Opinion
Equity & Diversity Opinion

Education’s Invisible Goalies Who Box Out Black Americans

Our country has a long history of blocking educational access
By John B. Craig & Kenneth D. Waters — March 12, 2021 4 min read
Illustration of woman walking through maze.

When we think about education access, the image of a goalie comes to mind. The goalie in soccer and hockey has one job: Keep the opponent from scoring. How this pertains to the field of education is that our K-12 schools and our institutions of higher learning are guarded by goalies. These goalies are cloaked in exclusionary policies, which materialize in defending their lack of employing diverse administrators and instructional staff. They deflect financial and emotional support for students from lower-socioeconomic statuses. Black educators must constantly get past a goalie’s tentacles and work tirelessly to get other Black educators past these long withstanding defensive systems that are designed to block access once we do.

As Black male educators who have spent time teaching and in positions of leadership in inner-city public and charter schools, in college classrooms, and recently, in predominantly white K-12 private and public schools and universities, it is painfully obvious to us that Black students and even fellow Black educators continue to be negatively impacted by racist acts and systemic oppression. Our solution is all about access, access, access: access to equal and equitable educational opportunities, access to employment opportunities, and access to upward mobility.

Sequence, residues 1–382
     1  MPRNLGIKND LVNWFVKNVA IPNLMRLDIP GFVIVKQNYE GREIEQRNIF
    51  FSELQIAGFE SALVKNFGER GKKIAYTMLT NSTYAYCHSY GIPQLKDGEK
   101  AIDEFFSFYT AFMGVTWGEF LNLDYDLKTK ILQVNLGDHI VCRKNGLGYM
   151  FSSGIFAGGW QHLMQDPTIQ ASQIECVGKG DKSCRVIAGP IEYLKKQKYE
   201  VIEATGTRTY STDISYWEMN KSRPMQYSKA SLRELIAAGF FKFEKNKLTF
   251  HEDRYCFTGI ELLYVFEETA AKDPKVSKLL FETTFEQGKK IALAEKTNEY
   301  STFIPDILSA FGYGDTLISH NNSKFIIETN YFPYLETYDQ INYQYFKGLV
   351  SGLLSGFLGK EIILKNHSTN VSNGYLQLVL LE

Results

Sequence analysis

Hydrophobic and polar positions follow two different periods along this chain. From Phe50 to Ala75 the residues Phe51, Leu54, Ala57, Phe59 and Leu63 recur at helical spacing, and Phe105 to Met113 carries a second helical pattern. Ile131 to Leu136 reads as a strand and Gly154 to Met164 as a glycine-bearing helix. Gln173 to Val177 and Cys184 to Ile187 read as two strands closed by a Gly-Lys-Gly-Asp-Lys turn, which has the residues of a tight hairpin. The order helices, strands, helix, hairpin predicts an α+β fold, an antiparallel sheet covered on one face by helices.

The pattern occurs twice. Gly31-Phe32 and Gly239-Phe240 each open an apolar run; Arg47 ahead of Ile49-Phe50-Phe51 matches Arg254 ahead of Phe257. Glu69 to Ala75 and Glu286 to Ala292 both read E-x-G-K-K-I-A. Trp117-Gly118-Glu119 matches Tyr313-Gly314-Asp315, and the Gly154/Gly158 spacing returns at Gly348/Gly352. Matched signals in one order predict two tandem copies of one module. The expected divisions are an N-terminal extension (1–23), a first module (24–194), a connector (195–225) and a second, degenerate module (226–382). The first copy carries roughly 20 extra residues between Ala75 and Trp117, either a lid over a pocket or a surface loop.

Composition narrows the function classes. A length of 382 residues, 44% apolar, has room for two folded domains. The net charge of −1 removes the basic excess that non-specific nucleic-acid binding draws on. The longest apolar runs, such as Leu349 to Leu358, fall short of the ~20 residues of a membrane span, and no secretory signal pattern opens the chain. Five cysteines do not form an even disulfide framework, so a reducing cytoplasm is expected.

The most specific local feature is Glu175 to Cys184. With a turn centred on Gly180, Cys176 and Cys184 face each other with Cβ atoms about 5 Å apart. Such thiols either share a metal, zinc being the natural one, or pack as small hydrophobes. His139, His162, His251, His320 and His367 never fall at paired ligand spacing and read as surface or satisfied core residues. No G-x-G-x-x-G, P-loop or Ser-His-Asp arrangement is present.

As the nation’s newest U.S. secretary of education, Miguel Cardona has great potential to lead on policies that promote opportunities and access for students of color. His celebrated career as a teacher, principal, and most recently, Connecticut’s education commissioner gives us hope that his presence heading a Cabinet department has the potential to reverse goalielike policies.

As educators, we must remain steadfast in ensuring that our most vulnerable students are receiving not only an equitable learning experience but one that adequately prepares them for success in and out of the classroom. To this end, it is incumbent upon all of us to hold Secretary Cardona to this expectation and the promise he makes to all students.

Despite the Brown v. Board of Education decisions of 1954 and 1955, school districts across the country continued to play goalie by blocking access to public education for Black students. For example, the Prince Edward County school district in Virginia closed all its public schools from 1959 to 1964 to avoid integrating them. The state and county then offered tax credits to support private schools educating white children, leaving many Black children with no opportunity for education for five years. An entire district suspended public education for no other reason but to ensure its white population could play goalie and block Black students from accessing an education that they deserved.